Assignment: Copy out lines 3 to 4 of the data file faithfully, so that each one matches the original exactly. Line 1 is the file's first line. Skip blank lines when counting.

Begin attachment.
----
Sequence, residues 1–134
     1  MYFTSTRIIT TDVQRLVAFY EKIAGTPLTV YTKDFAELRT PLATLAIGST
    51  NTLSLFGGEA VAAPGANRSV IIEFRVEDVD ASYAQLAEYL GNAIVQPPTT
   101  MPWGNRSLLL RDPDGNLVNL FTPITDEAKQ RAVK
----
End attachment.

    51  NTLSLFGGEA VAAPGANRSV IIEFRVEDVD ASYAQLAEYL GNAIVQPPTT
   101  MPWGNRSLLL RDPDGNLVNL FTPITDEAKQ RAVK